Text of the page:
They were initially attributed to mammoth-like animals and later to a large tapir named Tapir gigantesque, a pig-like creature with short nose trunks.
Another theory was that the bones belonged to a sirenian, also called a sea cow, a fully aquatic mammal living in rivers, estuaries, and other aquatic habitats.
However, the true Deinotherium genus wasn’t named until 1829, when a fossilized skull and mandible unearthed in Germany served as material for describing the genus.
Over the years, scientists have coined over 31 species in this genus, but only three are officially recognized today:
- Deinotherium giganteum
- Deinotherium bozasi
- Deinotherium indicum
Many named species are now considered synonymous with valid ones, which is why the material is still attributed to the genus.
Interactions with Other Species
While some prehistoric creatures had quite a limited distribution and outlining a possible fauna of their habitat is easy, stating what animals crossed paths with the Deinotherium would take days!
After all, these mammals were so widely distributed that they may have interacted with hundreds of other creatures!
However, we can discuss what is known about the Miocene fauna from a broad perspective since that’s when most Deinotherium populations were alive.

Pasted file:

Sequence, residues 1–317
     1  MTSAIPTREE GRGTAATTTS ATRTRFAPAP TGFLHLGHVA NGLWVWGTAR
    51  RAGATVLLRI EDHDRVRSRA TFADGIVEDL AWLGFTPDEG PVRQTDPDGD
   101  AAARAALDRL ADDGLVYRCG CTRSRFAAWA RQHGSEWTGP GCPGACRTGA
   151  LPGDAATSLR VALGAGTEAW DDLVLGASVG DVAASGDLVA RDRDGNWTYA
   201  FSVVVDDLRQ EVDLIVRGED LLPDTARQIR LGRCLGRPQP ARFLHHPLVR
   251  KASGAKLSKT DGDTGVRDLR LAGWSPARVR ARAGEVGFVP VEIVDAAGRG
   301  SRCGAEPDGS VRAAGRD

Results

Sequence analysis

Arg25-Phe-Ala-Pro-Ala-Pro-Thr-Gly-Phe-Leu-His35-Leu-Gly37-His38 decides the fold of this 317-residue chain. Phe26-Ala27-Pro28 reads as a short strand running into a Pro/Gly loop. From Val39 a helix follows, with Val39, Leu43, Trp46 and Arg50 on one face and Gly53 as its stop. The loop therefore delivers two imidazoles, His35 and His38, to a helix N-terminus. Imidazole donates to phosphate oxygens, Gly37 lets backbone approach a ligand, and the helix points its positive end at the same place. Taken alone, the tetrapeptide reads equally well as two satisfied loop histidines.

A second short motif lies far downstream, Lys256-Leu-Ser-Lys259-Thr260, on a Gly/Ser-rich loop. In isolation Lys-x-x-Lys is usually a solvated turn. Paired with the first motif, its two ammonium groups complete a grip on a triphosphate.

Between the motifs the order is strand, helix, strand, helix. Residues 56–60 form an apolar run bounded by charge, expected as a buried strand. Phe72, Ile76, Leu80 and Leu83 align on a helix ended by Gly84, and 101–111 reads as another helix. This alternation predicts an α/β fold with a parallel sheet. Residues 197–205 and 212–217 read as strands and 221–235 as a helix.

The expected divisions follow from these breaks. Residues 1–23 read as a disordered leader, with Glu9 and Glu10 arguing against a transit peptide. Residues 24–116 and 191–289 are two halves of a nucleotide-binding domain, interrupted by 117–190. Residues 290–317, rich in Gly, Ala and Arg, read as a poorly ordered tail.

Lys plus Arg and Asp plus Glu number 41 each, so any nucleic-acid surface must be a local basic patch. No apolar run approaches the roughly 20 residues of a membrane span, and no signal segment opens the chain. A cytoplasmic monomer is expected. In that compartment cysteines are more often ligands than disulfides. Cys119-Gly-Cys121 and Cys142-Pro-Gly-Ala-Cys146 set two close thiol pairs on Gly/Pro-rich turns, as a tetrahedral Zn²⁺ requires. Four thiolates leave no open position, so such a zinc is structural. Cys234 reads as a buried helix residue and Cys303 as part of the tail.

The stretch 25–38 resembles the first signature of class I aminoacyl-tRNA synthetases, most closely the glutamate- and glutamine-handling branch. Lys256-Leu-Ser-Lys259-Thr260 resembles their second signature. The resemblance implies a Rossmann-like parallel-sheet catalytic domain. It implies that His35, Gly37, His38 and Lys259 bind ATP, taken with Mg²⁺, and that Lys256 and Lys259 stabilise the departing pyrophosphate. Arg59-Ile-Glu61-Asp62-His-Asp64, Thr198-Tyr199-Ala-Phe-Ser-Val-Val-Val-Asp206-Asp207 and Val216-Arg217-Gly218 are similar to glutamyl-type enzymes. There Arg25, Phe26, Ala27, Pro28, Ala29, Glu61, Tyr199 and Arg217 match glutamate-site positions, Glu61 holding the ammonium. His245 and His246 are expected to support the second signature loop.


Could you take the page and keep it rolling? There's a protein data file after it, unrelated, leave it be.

But even this discussion would be extensive, as the period was rich in diverse creatures.
Mammals, for example, were quite common – canids, bears, pcoyonids, beavers, deer, camelids, rhinos, and others.
Various birds appeared during the Miocene, as did some aquatic reptiles, marsupial-like mammals, apes, and others.
The extent to which Deinotherium interacted with them remains unknown. Additionally, considering its size, it likely had no predators.
Despite its significance in our world’s evolutionary history, Deinotherium isn’t as popular in the media.
It is featured only in a few productions, like Land of the Mammoth and Walking With Prehistoric Beasts.
It is also a creature in Jurassic World: The Game and Jurassic World: Alive.
With a temporal range spanning from the Middle Miocene until the Early Pleistocene and such a wide distribution, it’s no wonder Deinotherium fossils were discovered in more than ten countries!
An elephant-like proboscidean, Deinotherium had a flexible neck and trunk, limbs adapted for long-distance walking, and tusks curving downward and then backward.
It was likely a folivorous browser and went extinct as a result of the gradual aridification that occurred in the Miocene. Only a few populations survived until the Pleistocene.
Is Deinotherium the largest elephant?
The Deinotherium is not the largest elephant simply because the Deinotherium is not a true elephant but an elephant-like mammal, part of the same order as modern elephants.
While Deinotherium is classified under the Deinotheriidae family, elephants are part of the Elephantidae family.